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    Ganglion Cyst

    Just a few days ago I noticed a lump on the top of my right wrist. It seems pretty firm and is not very painful. It is a bit tender if I press hard on it. It only really bothers me if I do a transfer that requires me to bend my wrist quite a bit...that puts a bit of pressure on it. From looking online, it seems almost certain that this is a ganglion cyst. I've read that sometimes they can go away on their own, but given the amount of usage my wrist gets from transfers, I'm doubtful it will. Should I still just take a wait and see approach with it? If it does become more painful/bothersome, how many times can it be aspirated? It looks like typically surgery to remove it is done after a couple of aspirations, but would this be different given my SCI and how wrist surgery would lay me up for some time. I guess what I'm wondering is if I can just have the thing aspirated continually whenever it becomes an issue? Gosh, I just turned 40 this year and my body is feeling it, lol. Pinched nerve in neck with cervical radiculopathy in left arm, now this ganglion cyst on my right wrist. Missing the days when my transfers weren't even a thought...

    #2
    This is one of the conditions which I wish I had approached differently. A surgeon convinced me that aspiration was a temporary fix, and thus a bad idea; so I had the cyst removed, and developed what used to be called reflex sympathetic dystrophy (RSD), now referred to as complex regional pain syndrome (CRPS). Sue Pendleton and I exchanged several posts about it here a few years ago, which I think you'd probably be able to find. I wouldn't wish the condition on anyone. I developed a ganglion cyst on my other wrist, and had that one aspirated - it never returned.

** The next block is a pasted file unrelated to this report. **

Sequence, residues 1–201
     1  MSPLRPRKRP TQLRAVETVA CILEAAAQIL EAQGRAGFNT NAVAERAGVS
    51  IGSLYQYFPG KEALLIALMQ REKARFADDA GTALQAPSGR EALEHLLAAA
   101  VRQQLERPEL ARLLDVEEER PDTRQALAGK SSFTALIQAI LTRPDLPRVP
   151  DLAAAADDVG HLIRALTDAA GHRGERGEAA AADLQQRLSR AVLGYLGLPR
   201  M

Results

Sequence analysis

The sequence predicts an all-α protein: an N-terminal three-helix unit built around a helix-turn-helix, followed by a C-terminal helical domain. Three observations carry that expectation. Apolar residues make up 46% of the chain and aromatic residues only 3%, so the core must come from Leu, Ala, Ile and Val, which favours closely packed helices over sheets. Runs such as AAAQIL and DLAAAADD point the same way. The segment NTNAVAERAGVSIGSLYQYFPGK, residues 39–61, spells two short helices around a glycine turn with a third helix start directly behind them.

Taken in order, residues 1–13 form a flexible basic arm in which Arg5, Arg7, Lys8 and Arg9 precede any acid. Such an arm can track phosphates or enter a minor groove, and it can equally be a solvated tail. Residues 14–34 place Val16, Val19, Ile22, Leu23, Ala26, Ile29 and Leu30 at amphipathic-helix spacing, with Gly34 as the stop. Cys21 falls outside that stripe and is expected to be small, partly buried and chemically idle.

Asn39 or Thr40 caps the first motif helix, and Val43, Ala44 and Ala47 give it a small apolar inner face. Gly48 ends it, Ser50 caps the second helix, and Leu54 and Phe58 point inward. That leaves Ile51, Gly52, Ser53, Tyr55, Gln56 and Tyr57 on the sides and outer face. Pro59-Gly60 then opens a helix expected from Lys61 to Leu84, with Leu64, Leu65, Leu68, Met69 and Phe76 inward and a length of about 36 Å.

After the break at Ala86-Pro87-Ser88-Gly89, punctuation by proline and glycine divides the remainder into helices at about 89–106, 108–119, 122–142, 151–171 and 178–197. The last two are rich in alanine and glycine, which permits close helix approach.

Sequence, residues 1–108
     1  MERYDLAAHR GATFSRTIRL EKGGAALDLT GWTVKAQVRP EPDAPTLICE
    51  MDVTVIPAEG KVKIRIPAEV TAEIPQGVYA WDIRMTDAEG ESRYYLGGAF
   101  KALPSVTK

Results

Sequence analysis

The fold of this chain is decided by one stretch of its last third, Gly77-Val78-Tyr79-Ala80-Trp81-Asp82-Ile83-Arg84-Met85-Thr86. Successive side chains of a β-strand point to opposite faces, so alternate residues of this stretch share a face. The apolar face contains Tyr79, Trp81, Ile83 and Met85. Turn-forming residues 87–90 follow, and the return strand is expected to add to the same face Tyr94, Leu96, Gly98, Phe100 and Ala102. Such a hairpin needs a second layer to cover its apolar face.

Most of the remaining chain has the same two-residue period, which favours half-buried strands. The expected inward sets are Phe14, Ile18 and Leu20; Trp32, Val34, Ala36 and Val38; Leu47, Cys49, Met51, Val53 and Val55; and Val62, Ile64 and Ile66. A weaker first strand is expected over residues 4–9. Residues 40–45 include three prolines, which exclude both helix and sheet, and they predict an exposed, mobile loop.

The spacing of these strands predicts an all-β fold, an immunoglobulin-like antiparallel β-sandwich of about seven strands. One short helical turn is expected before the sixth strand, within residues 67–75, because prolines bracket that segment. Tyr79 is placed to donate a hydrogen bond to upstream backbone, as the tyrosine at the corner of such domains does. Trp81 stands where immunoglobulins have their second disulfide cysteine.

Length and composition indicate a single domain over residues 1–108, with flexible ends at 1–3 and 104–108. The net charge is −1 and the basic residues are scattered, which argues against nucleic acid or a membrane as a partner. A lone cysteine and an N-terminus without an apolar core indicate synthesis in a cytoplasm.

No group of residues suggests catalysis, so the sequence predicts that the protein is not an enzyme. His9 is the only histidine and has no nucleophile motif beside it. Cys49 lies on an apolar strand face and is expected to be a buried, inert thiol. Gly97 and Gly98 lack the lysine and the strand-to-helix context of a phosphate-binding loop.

In my opinion, aspiration is worth trying, as it will at least buy you time and do no lasting damage. If you elect to have the cyst removed, I urge you to go to a hand surgeon and not (as I did) a general orthopedic surgeon.
    MS with cervical and thoracic cord lesions

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      #3
      Originally posted by Bonnette View Post
      This is one of the conditions which I wish I had approached differently. A surgeon convinced me that aspiration was a temporary fix, and thus a bad idea; so I had the cyst removed, and developed what used to be called reflex sympathetic dystrophy (RSD), now referred to as complex regional pain syndrome (CRPS). Sue Pendleton and I exchanged several posts about it here a few years ago, which I think you'd probably be able to find. I wouldn't wish the condition on anyone. I developed a ganglion cyst on my other wrist, and had that one aspirated - it never returned.

      In my opinion, aspiration is worth trying, as it will at least buy you time and do no lasting damage. If you elect to have the cyst removed, I urge you to go to a hand surgeon and not (as I did) a general orthopedic surgeon.
      Thanks, Bonnette. I was searching the site and I did come across your posts. So sorry you had to go through all of that. I appreciate your advice and I will certainly use it. I definitely plan on using aspiration before surgery if it comes to that. For now, since it's not really painful or limiting, I think I'll just keep an eye on it. And it's kind of on the back burner as I search for a non surgical solution to this stupid pinched nerve. Going to PT tomorrow, hoping that maybe traction will help.

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        #4
        If you have an orthopedic hand specialist available I would consult him. GC’s are caused by strain and it may appear, disappear etc.. it is clear fluid around the joint. You might benefit from and hand/wrist support to prevent it from returning/getting bigger. CWO
        The SCI-Nurses are advanced practice nurses specializing in SCI/D care. They are available to answer questions, provide education, and make suggestions which you should always discuss with your physician/primary health care provider before implementing. Medical diagnosis is not provided, nor do the SCI-Nurses provide nursing or medical care through their responses on the CareCure forums.

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